The proposal would require that the remainder interest in a GRAT at the time the interest is created have a minimum value for gift tax purposes equal to the greater of 25 percent of the value of the assets transferred to the GRAT or $500,000, prohibit the decrease in the annuity during the GRAT term; prohibit the grantor from acquiring in an exchange an asset held in the trust without recognizing gain or loss for income tax purposes; and require that a GRAT have a minimum term of ten years and a maximum term of the life of expectancy of the annuitant plus ten years.  

In addition, the grantor’s payment of the income tax liability associated with an irrevocable grantor trust will be treated as a taxable gift. 

  • Limit the duration of generation-skipping transfer tax exemption 

The update would make the GST exemption applicable only to direct skips and taxable distributions to beneficiaries no more than two generations below the transferor and to younger generation beneficiaries who were alive at the creation of the trust. 

  • Adjust a trust’s GST inclusion ratio on transactions with other trusts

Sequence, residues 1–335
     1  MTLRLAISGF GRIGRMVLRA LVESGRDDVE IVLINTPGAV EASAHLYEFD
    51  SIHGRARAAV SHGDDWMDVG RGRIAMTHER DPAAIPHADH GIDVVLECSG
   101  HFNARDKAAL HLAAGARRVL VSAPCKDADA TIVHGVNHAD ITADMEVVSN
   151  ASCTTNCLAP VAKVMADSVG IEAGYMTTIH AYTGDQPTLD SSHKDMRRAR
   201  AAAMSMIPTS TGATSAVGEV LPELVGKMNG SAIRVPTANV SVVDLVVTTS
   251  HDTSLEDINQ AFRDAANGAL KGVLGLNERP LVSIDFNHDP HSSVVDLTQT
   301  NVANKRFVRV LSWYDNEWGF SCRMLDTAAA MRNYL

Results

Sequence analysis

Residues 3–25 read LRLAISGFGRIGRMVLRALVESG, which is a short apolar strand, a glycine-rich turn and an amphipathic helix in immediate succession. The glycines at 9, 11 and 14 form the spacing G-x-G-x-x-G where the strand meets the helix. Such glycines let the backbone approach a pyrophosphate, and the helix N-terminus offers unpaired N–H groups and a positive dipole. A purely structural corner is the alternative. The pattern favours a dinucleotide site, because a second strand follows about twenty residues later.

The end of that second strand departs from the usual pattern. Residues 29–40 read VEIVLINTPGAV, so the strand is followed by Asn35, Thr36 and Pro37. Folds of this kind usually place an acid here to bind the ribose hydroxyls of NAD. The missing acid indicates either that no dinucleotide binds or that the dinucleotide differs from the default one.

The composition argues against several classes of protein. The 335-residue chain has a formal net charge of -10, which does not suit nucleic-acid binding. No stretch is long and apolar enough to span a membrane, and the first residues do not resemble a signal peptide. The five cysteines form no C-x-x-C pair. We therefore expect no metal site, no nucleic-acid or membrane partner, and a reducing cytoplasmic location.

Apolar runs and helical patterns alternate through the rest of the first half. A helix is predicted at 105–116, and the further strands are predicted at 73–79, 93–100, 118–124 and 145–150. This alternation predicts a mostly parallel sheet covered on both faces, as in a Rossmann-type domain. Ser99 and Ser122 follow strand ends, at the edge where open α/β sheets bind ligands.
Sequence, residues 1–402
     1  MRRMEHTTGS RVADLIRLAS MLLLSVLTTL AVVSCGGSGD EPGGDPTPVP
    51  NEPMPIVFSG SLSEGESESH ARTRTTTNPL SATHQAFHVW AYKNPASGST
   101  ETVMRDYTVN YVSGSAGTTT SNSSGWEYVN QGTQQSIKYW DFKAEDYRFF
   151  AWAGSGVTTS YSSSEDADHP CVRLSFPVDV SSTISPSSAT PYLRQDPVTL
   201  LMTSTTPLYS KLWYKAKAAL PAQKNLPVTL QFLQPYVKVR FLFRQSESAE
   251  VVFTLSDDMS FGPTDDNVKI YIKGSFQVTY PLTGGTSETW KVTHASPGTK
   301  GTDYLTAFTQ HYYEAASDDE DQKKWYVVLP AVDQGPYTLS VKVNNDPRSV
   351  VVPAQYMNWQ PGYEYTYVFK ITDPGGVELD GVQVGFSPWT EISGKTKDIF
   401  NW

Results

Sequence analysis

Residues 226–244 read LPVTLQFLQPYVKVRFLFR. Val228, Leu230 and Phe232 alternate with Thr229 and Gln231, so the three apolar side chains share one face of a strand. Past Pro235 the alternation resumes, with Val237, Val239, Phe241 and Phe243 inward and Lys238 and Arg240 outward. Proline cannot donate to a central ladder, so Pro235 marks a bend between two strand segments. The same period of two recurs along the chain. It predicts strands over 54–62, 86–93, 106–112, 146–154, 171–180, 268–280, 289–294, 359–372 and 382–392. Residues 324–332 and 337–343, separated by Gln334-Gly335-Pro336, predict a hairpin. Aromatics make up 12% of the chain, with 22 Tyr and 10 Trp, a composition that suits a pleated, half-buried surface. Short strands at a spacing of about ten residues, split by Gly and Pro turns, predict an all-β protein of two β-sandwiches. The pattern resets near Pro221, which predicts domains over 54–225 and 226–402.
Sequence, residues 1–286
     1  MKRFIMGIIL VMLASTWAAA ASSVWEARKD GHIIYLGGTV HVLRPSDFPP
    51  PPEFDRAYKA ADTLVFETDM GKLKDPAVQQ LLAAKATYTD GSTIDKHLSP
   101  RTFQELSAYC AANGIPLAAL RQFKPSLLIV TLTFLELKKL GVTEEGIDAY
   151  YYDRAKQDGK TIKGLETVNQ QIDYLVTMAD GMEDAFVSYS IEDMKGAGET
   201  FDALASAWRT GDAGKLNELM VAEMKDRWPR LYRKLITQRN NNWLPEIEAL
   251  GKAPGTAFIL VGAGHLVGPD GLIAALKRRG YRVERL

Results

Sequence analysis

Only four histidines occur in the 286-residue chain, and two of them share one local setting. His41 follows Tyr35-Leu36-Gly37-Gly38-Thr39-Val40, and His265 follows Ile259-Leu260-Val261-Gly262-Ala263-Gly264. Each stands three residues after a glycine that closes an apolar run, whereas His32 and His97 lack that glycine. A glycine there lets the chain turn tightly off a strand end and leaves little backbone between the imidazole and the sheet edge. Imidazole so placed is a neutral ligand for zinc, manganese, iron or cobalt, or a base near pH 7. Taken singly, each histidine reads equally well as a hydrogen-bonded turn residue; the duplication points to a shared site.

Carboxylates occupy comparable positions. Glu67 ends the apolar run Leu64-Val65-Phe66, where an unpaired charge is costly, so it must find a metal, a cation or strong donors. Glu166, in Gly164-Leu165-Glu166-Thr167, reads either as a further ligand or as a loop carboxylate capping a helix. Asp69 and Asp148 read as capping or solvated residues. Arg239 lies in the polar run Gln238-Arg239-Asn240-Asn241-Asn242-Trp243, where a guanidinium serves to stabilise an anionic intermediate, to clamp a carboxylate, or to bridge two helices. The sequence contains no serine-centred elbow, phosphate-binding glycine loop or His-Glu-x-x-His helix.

The proposal would treat a trust’s purchase of assets from, or interests in, a trust that is subject to GST tax (regardless of the selling trust’s inclusion ratio), as well as a purchase of any other property that is subject to GST tax, as a change in trust principal that would require the redetermination of the purchasing trust’s inclusion ratio when those assets (or trust interest) are purchased. 

  • Change the GST tax characterization of certain tax-exempt organizations 

The proposal would ignore trust interests held by additional tax-exempt organizations for purposes of the GST tax.39 As a result, the inclusion of such an organization as a permissible distributee of a trust would not prevent the occurrence of a taxable termination subject to GST tax.